3 Ways Retailers Can Use Heatmap & Zone Analytics to Drive Conversions

March 11, 2021

What does visitor flow inside a store have to do with conversions? As it turns out, quite a lot. Slight changes in your visitors’ path can increase footfall traffic around promotional displays and help avoid bottlenecks.

Data collected manually by salespeople on the floor can be inaccurate and limiting for Retailers. For this reason, retailers are now utilizing technologies like people counting sensors and retail analytics software to generate heatmaps that track their customer flows within their stores.

Before technological advancements, it wasn’t possible to view a store as a website and the departments as individual web pages, but it now is with heatmapping and zone analytics. Retailers can use heatmap analytics to understand their brick and mortar locations’ data by treating their physical stores like a website. Zone analytics solutions enable retailers to get real-time updates; Each time a person changes from one department, section, or even fixture to the next, it’s like navigating to the next page.

Here are 3 ways retailers use heat maps to drive in-store conversions:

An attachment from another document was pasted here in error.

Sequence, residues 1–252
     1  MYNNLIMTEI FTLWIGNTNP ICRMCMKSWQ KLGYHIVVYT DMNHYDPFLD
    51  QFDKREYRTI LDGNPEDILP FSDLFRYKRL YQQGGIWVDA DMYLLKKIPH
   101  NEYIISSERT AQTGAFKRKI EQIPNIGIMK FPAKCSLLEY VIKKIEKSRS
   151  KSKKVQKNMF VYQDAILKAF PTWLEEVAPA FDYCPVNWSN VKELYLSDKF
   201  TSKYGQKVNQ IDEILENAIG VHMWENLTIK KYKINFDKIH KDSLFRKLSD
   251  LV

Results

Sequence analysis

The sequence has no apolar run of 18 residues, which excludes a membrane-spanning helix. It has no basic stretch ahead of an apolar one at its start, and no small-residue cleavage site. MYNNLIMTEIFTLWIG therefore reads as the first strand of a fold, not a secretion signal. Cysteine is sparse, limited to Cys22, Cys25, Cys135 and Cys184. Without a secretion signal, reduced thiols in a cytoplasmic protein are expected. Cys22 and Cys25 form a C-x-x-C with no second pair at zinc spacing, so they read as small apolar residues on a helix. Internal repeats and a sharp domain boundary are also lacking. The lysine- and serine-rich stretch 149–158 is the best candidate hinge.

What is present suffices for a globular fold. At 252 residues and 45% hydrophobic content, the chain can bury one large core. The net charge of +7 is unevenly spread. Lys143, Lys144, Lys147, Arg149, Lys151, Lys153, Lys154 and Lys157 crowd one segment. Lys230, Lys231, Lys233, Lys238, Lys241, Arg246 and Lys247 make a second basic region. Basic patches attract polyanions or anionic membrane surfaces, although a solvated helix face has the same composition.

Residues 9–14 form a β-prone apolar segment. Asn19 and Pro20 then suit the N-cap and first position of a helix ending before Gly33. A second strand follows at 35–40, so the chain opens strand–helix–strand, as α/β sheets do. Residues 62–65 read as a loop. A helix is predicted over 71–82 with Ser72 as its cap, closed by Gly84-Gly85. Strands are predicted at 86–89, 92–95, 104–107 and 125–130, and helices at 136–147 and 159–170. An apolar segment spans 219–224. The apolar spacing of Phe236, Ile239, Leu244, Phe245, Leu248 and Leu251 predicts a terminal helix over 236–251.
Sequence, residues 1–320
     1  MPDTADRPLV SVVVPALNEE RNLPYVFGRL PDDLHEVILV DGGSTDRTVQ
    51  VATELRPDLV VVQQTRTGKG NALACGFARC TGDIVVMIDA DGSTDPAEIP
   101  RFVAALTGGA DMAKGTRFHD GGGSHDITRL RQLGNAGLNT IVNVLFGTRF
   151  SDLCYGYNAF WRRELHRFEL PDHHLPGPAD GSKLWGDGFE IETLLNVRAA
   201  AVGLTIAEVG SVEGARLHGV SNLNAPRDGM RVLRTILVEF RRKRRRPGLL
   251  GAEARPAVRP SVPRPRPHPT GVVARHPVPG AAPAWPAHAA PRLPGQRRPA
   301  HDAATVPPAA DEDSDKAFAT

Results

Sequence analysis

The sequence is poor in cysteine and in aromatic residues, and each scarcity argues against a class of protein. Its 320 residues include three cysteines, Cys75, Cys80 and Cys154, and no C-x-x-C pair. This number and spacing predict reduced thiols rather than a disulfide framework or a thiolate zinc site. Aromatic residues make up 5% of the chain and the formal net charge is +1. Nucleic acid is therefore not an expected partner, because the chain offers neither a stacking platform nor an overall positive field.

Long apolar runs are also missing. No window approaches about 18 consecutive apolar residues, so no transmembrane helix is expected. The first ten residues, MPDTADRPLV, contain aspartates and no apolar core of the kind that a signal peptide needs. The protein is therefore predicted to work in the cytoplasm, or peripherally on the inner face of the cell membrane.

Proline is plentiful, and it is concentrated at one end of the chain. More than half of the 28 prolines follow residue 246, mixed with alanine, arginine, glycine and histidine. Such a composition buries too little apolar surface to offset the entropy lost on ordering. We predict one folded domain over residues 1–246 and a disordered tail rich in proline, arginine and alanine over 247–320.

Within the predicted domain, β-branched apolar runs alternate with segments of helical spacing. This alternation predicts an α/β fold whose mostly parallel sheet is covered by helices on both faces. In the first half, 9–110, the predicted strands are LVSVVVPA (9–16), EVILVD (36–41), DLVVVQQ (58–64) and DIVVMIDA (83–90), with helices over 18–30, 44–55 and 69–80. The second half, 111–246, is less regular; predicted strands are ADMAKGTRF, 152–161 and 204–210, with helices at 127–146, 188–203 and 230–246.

1. Measuring interest in promotional displays
Heatmaps help increase in-store conversions by providing fact-based insights that enable retailers to improve marketing, merchandising & operations, and the overall customer experience. Knowing how long each customer stays in a store and how much time is spent in one area conveys an interest in the products within a department; the areas that see the most dwell time tend to see the highest conversion rates.

2. Identifying hot/ dead zones
Heatmaps show customer engagement levels for specific zones or even fixtures. High activity shows shopper engagement, whereas low activity shows minor to no engagement. Based on this data, retailers can dive deeper into the possible reasons for why there is minimal activity and find actionable solutions; this may include changes to signage, product descriptions, merchandising assortment, or displays.

3. Maximizing resources & staffing
Heatmaps help you understand if you’ve got people in the right place. Zone analytics data can be delivered in time periods so that retailers can understand traffic not just for a day, week, month, or year, but also during peak hours, sales, and other specific marketing events.

By utilizing in-store heat mapping, you can visualize your peak-hours to ensure you have sufficient staff. Additionally, the heatmap visual representation lets you understand precisely where your staff needs to be positioned; for example, on the floor or behind the register, in order to best serve your customers.

In any scenario, heatmap analytics take much of the guesswork out of decision-making by understanding the ways in which customers interact with products within your store. Through the use of heatmaps and zone analytics technology, you can discover and solve problems you weren’t aware of to maximize sales and improve shopper satisfaction.